BY STEVE ADAMS
Just as buyers’ agents have carved out a niche in the residential real estate industry, Boston-based Cresa has grown by specializing in tenant representation in commercial deals. Bill Goade worked in the corporate real estate departments at Wang Laboratories and Digital Equipment Corp. before co-founding Cresa Alliance in 1993 and Cresa Partners in 1998. Now the largest tenant representation firm in North America, Cresa topped $300 million in 2015 revenues. The company is focusing on international expansion in 2016, opening a new office in Paris and planning five more offices outside the U.S. this year. Cresa’s CEO from 2006 through 2013, Goade retired as chairman on March 31.
Q: Why did you make the switch from the corporate side of the real estate business?
A: There were two things that got me into this business. In 1985, I wanted to go out on my own. I’d been doing corporate real estate at Digital Equipment and Wang Laboratories and that was the business I knew. And secondly, I wanted to get into residential development. The market collapsed in 1986 and 1987 to the point that had I been successful in all the bids I’d made, I would be bankrupt like everybody else. Fortunately I was smart enough not to overpay for anything.
Q: What made you think a tenant-based representation model would be successful?
A: That’s all I knew, so I did see a niche. All the other firms were landlord-based. There really wasn’t anybody representing just the tenant. I knew about the conflicts of interest. I became more aware of it the longer I stayed in the business. It’s been a great niche for us. We’ve always done well here in Boston. We expanded nationally and now internationally as well.
Q: What’s the biggest change you’ve seen in the role of brokers?
A: Information is now ubiquitous. Thirty years ago it was more difficult to acquire, so that was a big part of the broker’s value. Now anybody can get that. We have to add value by services. Our original name was Corporate Real Estate Advisors; we’ve always had that philosophy. We have to advise them on accounting rule changes, because that’s a big deal. Buying versus leasing right now is becoming a more relevant analysis than it has been for years because accounting-wise you have to treat them the same. You have to read leases and negotiate the entire lease, not just the rent, how the building lays out and how the improvements are made. That’s something some brokers do, and some don’t. A professor at Wharton said a good business should be ethical, enjoyable and economical. At Digital, the comment from Ken Olsen that always got passed down through the ranks was, “Do the right thing.” That stuck with me. So when I got my own company, we started with, “Do the right thing, have fun, make money.”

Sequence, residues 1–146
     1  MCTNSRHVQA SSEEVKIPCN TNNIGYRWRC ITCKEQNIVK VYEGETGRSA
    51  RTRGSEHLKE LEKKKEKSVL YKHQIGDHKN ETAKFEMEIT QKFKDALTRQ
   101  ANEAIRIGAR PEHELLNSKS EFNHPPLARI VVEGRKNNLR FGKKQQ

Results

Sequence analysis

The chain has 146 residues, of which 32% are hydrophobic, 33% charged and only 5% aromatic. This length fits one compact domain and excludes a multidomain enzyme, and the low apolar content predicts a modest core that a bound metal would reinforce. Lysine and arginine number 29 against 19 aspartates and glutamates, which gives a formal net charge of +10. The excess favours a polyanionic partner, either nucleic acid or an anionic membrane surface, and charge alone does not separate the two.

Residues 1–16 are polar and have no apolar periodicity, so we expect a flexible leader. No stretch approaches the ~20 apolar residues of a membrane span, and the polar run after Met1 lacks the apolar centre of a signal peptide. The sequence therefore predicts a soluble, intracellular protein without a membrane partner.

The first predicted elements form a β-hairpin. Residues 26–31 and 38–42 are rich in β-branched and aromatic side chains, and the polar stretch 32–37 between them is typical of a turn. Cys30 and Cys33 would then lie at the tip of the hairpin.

Q: How do you decide which international markets to target for growth?
A: We’re targeting Paris in Q1; we opened London, Amsterdam, Brussels, Hungary, Hong Kong and two offices in Australia. We have five more to go this year. It’s difficult to expand overseas because they haven’t got the tenant model over there, or very few people do it. So in some places we use the best-in-class advisors that we can find. But I think we’ll end up most places we need to be. When we started in the U.S., we focused on 20 markets. We’re doing the same thing internationally: we’re trying to get to 20 markets. There are a lot of similarities. We try to find somebody in every market that shares our philosophy.
Q: Where is most of the revenue growth coming from?
A: It’s still mostly the U.S. We’re growing in the New York area, our D.C. office continues to grow. In L.A. we had a big growth spurt and merger there. Boston is growing, but it’s more like 10 percent a year.
Q: Boston’s commercial real estate market seems to be hitting on all cylinders, but where are the vulnerabilities?
A: There’s one thing I know: real estate is a cyclical business and there will be a correction at some point. Generally it’s somewhere around seven years of up and five years of down. What’s kept Boston up is medical technology and education and financial services. The difference today is so many people want to be downtown or Cambridge in terms of the lifestyle and amenities. The younger workers want to walk from a subway station or walk to work. So I think at some point we may get a touch of overbuilding and a softening, but I think the softness will be in the suburbs first. Historically you get a rent differential that approaches $30 (per square foot), and then people start thinking about the suburbs again.
Q: As you represent tenants, what effect have you seen from the recent ownership changes of Boston office buildings in favor of institutional investors?
A: The market is still diversified enough that the tenant has alternatives. The best asset a landlord has is a good tenant. So the tenant still has power. Sometimes they have to move and exercise that power. Most of the landlords in Boston are good landlords and want to treat them fairly, so you’re able to negotiate a fair transaction. There was a time a couple of landlords thought they could push the market themselves, and they couldn’t.
Goade’s Top Five Favorite Movies:
- “To Kill A Mockingbird”
- “It’s a Wonderful Life”
- “Gone With the Wind”
- “Schindler’s List”
- “Lawrence of Arabia”